The accumulation of synonyms in Psalm 69:20 is Jeremiah's custom, Jeremiah 13:14; Jeremiah 21:5, Jeremiah 21:7; Jeremiah 32:37, and is found also in Psalm 31 (Psalm 31:10) and Psalm 44 (Psalm 44:4, Psalm 44:17, Psalm 44:25). On הרפּה שׁברה לבּי, cf. Psalm 51:19, Jeremiah 23:9. The ἅπαξ γεγραμ, ואנוּשׁה (historical tense), from נוּשׁ, is explained by ענוּשׁ from אנשׁ, sickly, dangerously ill, evil-disposed, which is a favourite word in Jeremiah. Moreover נוּד in the signification of manifesting pity, not found elsewhere in the Psalter, is common in Jeremiah, e.g., Psalm 15:5; it signifies originally to nod to any one as a sign of a pity that sympathizes with him and recognises the magnitude of the evil. "To give wormwood for meat and מי־ראשׁ to drink" is a Jeremianic (Jeremiah 8:14; Jeremiah 9:14; Jeremiah 23:15) designation for inflicting the extreme of pain and anguish upon one. ראשׁ (רושׁ) signifies first of all a poisonous plant with an umbellated head of flower or a capitate fruit; but then, since bitter and poisonous are interchangeable notions in the Semitic languages, it signifies gall as the bitterest of the bitter. The lxx renders: καὶ ἔδωκαν εἰς τὸ βρῶμά μου χολήν, καὶ εἰς τὴν δίψαν μου ἐπότισάν με ὄξος. Certainly נתן בּ can mean to put something into something, to mix something with it, but the parallel word לצמאי (for my thirst, i.e., for the quenching of it, Nehemiah 9:15, Nehemiah 9:20) favours the supposition that the בּ of בּברוּתי is Beth essentiae, after which Luther renders: "they give me gall to eat." The ἅπαξ γεγραμ. בּרוּת (Lamentations 4:10 בּרות) signifies βρῶσις, from בּרה, βιβρώσκειν (root βορ, Sanscrit gar, Latin vor-are).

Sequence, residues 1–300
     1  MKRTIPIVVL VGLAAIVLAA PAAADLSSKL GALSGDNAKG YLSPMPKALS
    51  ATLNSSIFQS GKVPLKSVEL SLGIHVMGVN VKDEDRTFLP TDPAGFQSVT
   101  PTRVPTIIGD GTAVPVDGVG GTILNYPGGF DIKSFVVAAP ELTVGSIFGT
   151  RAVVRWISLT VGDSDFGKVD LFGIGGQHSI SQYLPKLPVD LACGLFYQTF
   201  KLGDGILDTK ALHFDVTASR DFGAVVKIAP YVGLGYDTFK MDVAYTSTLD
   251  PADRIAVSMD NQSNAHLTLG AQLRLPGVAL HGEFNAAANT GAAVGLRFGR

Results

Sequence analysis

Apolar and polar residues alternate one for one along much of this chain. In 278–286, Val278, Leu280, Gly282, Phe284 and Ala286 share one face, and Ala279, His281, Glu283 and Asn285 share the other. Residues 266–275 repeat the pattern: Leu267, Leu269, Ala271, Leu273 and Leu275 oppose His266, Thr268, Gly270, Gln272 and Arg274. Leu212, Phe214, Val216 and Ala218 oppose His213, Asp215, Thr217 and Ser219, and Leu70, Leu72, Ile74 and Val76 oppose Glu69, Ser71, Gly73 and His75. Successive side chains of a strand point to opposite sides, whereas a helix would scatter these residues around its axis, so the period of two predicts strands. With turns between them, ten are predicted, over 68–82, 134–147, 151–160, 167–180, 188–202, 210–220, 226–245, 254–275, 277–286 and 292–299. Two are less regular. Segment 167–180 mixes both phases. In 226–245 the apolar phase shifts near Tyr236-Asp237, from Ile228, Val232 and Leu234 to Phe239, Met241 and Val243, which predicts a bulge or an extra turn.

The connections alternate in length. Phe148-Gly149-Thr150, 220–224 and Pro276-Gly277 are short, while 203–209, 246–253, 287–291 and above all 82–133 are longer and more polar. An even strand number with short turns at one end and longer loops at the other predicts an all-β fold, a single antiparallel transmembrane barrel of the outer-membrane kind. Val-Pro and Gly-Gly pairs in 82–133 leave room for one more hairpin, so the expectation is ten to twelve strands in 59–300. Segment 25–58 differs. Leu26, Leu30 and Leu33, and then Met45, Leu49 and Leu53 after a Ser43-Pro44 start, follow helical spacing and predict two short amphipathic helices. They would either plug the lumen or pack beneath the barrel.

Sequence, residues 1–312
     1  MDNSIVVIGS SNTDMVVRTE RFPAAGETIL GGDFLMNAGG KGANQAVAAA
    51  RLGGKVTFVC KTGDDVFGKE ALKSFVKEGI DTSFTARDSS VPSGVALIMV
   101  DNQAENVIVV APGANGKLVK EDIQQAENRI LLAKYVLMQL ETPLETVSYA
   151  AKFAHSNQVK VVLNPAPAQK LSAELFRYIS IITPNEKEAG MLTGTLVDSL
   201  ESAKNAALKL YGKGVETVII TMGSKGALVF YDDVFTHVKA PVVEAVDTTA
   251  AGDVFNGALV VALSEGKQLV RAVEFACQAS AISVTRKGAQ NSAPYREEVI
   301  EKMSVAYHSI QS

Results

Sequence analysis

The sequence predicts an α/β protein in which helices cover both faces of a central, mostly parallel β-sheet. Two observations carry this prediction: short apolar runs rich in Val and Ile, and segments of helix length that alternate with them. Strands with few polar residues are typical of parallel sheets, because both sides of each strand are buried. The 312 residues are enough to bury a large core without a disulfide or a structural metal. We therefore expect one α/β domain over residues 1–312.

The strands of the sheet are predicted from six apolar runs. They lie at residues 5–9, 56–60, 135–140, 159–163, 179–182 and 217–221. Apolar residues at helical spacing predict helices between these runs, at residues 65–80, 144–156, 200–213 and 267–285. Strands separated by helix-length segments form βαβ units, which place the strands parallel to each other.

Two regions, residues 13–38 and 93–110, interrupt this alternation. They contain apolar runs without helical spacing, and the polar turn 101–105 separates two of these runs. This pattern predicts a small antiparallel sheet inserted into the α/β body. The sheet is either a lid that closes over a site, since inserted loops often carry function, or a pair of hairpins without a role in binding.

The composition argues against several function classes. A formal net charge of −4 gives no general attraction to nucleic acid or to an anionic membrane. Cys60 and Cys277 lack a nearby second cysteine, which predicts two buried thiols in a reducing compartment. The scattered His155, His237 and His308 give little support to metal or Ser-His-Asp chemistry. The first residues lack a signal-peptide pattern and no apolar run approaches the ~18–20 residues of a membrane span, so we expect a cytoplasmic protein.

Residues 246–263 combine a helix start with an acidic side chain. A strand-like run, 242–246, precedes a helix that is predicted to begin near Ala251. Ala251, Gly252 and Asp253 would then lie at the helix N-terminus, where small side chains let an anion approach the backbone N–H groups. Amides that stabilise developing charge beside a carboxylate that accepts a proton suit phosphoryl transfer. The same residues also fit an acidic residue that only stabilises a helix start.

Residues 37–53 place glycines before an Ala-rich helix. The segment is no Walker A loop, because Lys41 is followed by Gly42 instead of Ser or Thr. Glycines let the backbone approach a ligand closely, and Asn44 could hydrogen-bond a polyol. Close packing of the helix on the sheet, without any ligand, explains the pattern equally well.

Psalm 69:26 Parallel Commentaries

Treasury of Scripture Knowledge

For

Psalm 109:16 Because that he remembered not to show mercy, but persecuted the poor and needy man, that he might even slay the broken in heart.

2 Chronicles 28:9 But a prophet of the LORD was there, whose name was Oded: and he went out before the host that came to Samaria, and said to them...

Job 19:21,22 Have pity on me, have pity on me, O you my friends; for the hand of God has touched me...

Zechariah 1:15 And I am very sore displeased with the heathen that are at ease: for I was but a little displeased...

1 Thessalonians 2:15 Who both killed the Lord Jesus, and their own prophets, and have persecuted us; and they please not God, and are contrary to all men:

whom

Isaiah 53:4,10 Surely he has borne our griefs, and carried our sorrows: yet we did esteem him stricken, smitten of God, and afflicted...

Zechariah 13:7 Awake, O sword, against my shepherd, and against the man that is my fellow, said the LORD of hosts: smite the shepherd...

they talk

Mark 15:28-32 And the scripture was fulfilled, which said, And he was numbered with the transgressors...

those [heb.] thy wounded

Cross References
2 Chronicles 28:9
But a prophet of the LORD was there, whose name was Oded, and he went out to meet the army that came to Samaria and said to them, "Behold, because the LORD, the God of your fathers, was angry with Judah, he gave them into your hand, but you have killed them in a rage that has reached up to heaven.

Job 19:22
Why do you, like God, pursue me? Why are you not satisfied with my flesh?

Psalm 109:22
For I am poor and needy, and my heart is stricken within me.

Isaiah 53:4
Surely he has borne our griefs and carried our sorrows; yet we esteemed him stricken, smitten by God, and afflicted.

Zechariah 1:15
And I am exceedingly angry with the nations that are at ease; for while I was angry but a little, they furthered the disaster.